Three examples of robotics for better and efficient education

STEM education, widely recognized as an educational strategy that integrates science, technology, engineering, and mathematics, is brought to the education sector as the next big thing. It seeks to expand the number of students pursuing advanced degrees and careers in STEM fields, increase the size of STEM-capable workers, and promote STEM literacy for all learners. Increasing STEM workforce size requires a transdisciplinary strategy to integrate STEM knowledge and skills.

Educational robotics is a useful teaching tool for project-based learning that incorporates STEM, coding, computational thinking, and engineering skills into one project. Robotics provides learners opportunities to explore how the technology works in real life, all with one tool through the act of making.

Students not only learn how the technology works when designing, constructing, programming, and documenting autonomous robots, they also use the skills and knowledge gained in schools in a meaningful and exciting way.

Below you will see three examples of STEM transdisciplinary integration, coding, computational thinking, and engineering skills learning as students work to learn how the technology works through robotics projects.

WaterBotics

WaterBotics is an underwater robotic curriculum funded by the NSF for students of middle and high school. Developed by the Stevens Center for Innovation in Engineering & Science Education at Stevens Institute of Technology, the program provides practical experiences for participating students to learn engineering design and STEM concepts while using IT tools to raise awareness and interest in engineering and IT careers.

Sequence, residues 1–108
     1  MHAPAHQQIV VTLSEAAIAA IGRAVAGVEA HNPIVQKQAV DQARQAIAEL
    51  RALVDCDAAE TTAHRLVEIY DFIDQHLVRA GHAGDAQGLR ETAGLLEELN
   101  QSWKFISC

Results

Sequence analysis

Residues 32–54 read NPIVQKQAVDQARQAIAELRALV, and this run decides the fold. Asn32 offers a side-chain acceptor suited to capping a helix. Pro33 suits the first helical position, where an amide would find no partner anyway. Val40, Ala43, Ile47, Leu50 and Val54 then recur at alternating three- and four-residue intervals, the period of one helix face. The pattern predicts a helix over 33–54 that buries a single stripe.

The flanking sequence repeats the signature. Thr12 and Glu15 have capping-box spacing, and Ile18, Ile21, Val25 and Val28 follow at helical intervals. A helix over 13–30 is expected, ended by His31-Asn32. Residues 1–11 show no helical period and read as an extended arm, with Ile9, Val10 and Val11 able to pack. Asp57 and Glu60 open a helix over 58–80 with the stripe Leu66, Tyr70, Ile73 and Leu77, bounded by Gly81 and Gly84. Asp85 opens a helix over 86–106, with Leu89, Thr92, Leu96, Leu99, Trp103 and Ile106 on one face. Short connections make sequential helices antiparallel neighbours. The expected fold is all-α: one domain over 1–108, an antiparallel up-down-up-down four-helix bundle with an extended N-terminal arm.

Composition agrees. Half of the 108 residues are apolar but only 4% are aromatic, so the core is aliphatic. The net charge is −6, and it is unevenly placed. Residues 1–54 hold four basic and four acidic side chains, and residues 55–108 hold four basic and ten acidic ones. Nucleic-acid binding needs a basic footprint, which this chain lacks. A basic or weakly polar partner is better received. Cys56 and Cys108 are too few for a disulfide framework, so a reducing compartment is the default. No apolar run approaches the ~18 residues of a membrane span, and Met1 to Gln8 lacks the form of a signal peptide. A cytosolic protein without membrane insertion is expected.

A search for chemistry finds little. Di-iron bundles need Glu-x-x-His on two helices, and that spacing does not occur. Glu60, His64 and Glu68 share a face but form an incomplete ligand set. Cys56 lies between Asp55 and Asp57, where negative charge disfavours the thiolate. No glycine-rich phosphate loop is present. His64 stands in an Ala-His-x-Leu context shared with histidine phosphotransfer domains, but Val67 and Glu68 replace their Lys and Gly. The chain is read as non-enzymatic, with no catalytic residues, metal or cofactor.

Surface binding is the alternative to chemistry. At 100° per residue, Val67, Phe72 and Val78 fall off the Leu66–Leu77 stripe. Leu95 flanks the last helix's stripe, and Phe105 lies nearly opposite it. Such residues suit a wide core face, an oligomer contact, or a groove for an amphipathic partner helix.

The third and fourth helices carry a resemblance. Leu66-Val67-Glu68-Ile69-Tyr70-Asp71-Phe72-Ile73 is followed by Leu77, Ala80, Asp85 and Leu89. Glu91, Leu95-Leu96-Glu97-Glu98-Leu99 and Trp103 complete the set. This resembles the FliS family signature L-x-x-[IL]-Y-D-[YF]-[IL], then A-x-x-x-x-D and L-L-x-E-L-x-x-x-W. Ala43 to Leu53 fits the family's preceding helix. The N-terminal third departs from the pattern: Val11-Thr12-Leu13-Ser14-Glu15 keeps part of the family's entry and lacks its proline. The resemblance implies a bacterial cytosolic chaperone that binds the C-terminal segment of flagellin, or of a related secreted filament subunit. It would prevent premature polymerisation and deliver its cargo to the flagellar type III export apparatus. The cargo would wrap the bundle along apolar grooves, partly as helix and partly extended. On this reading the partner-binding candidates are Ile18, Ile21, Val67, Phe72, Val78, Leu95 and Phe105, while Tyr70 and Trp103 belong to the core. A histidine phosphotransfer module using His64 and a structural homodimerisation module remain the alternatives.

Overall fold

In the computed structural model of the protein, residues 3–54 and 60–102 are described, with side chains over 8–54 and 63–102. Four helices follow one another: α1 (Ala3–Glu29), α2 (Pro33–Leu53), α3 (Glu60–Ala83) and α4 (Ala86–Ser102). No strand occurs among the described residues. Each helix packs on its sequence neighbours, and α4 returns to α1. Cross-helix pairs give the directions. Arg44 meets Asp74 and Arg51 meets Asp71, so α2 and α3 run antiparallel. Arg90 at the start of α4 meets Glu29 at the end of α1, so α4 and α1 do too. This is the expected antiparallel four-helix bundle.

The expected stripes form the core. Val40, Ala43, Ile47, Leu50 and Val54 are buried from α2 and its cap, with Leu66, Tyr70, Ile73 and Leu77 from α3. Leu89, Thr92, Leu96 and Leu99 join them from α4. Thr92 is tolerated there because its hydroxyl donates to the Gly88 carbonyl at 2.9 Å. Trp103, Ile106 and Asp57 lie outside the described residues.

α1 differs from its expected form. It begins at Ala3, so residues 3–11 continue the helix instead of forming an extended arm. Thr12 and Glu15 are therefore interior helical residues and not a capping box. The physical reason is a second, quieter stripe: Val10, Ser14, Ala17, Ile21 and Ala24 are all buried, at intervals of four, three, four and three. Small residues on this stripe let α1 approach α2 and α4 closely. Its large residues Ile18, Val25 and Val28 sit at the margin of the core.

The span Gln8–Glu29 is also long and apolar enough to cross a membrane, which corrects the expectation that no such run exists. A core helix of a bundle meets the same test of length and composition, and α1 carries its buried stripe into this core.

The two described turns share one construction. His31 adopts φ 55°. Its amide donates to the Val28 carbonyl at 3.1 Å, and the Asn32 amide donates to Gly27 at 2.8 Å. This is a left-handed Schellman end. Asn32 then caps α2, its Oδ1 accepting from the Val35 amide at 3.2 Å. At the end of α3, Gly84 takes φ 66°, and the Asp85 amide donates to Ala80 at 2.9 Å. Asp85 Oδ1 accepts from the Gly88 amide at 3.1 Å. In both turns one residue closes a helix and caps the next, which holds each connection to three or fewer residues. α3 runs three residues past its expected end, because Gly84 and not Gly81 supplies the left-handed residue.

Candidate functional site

The program calls on small groups of students to collaborate on designing, building, testing, and redesigning their robots. The program uses LEGO Mindstorms NXT kits and other components to build underwater robots. Students use Mindstorms software to program a remote controller using NXT to manage the water robots. The curriculum also highlights engineering design processes such as design, brainstorm, design, construction, testing, redesign, and sharing. Students will also learn the latest technology in underwater robotics through various videos and research facilities.

RoboParty

RoboParty is a robotic camp organized by Universidade do Minho in Guimarães. During the three-day camp, schoolchildren learn electronics, mechanical engineering, and programming while participating in various cultural and sports activities. Three-student teams join a teacher or mentor working with students. Each team gets a Bot’n Roll One A, each Arduino team’s robotic kit. The kit comes with an Arduino-based controller board with all the connection ports on the board. For completing the circuit, all components, sensors, and engines are soldered in the box.

Students learn electronics and mechanical design by building with test and error through practical experience, as one soldering error causes the robot to turn or move with difficulty. Students can try to solve three challenges: competition, obstruction, and dance competition. Students learn programming for each problem while developing algorithms and code. On the last day, teams compete and display their robotics and algorithms.

RoboCupJunior

RoboCupJunior (RCJ) is an educational robotics initiative promoting STEM learning, coding, computational thinking, and engineering skills through an educational robotics competition with practical, project-specific, and objective knowledge. RCJ is open to children under 19. RCJ has three challenges to attract and motivate students to pursue robotics — football, rescue, and dance.

Since each league’s challenges remain relatively unchanged from year to year, learning for students is not easy. As students grow and expand over time, they continue to develop and develop their solutions. Every year, over 30 countries participate in RCJ initiatives. Over 250 teams from participating countries attract the annual RoboCup Junior World Championship.